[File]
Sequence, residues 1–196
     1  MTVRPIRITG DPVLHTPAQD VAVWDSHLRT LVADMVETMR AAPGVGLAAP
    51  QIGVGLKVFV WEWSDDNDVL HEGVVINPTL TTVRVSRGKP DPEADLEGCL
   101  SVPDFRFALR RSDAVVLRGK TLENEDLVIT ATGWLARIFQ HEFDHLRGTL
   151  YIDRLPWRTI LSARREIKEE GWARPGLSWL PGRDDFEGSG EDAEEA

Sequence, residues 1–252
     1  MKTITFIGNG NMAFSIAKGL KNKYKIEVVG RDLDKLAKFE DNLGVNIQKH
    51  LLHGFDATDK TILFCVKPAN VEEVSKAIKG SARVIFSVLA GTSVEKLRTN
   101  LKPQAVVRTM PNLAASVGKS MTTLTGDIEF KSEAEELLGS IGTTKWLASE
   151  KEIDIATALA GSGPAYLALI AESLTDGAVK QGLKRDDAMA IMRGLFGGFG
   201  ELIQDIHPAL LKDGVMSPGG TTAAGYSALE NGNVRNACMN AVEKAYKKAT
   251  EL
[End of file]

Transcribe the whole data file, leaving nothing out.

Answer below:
Sequence, residues 1–196
     1  MTVRPIRITG DPVLHTPAQD VAVWDSHLRT LVADMVETMR AAPGVGLAAP
    51  QIGVGLKVFV WEWSDDNDVL HEGVVINPTL TTVRVSRGKP DPEADLEGCL
   101  SVPDFRFALR RSDAVVLRGK TLENEDLVIT ATGWLARIFQ HEFDHLRGTL
   151  YIDRLPWRTI LSARREIKEE GWARPGLSWL PGRDDFEGSG EDAEEA

Sequence, residues 1–252
     1  MKTITFIGNG NMAFSIAKGL KNKYKIEVVG RDLDKLAKFE DNLGVNIQKH
    51  LLHGFDATDK TILFCVKPAN VEEVSKAIKG SARVIFSVLA GTSVEKLRTN
   101  LKPQAVVRTM PNLAASVGKS MTTLTGDIEF KSEAEELLGS IGTTKWLASE
   151  KEIDIATALA GSGPAYLALI AESLTDGAVK QGLKRDDAMA IMRGLFGGFG
   201  ELIQDIHPAL LKDGVMSPGG TTAAGYSALE NGNVRNACMN AVEKAYKKAT
   251  EL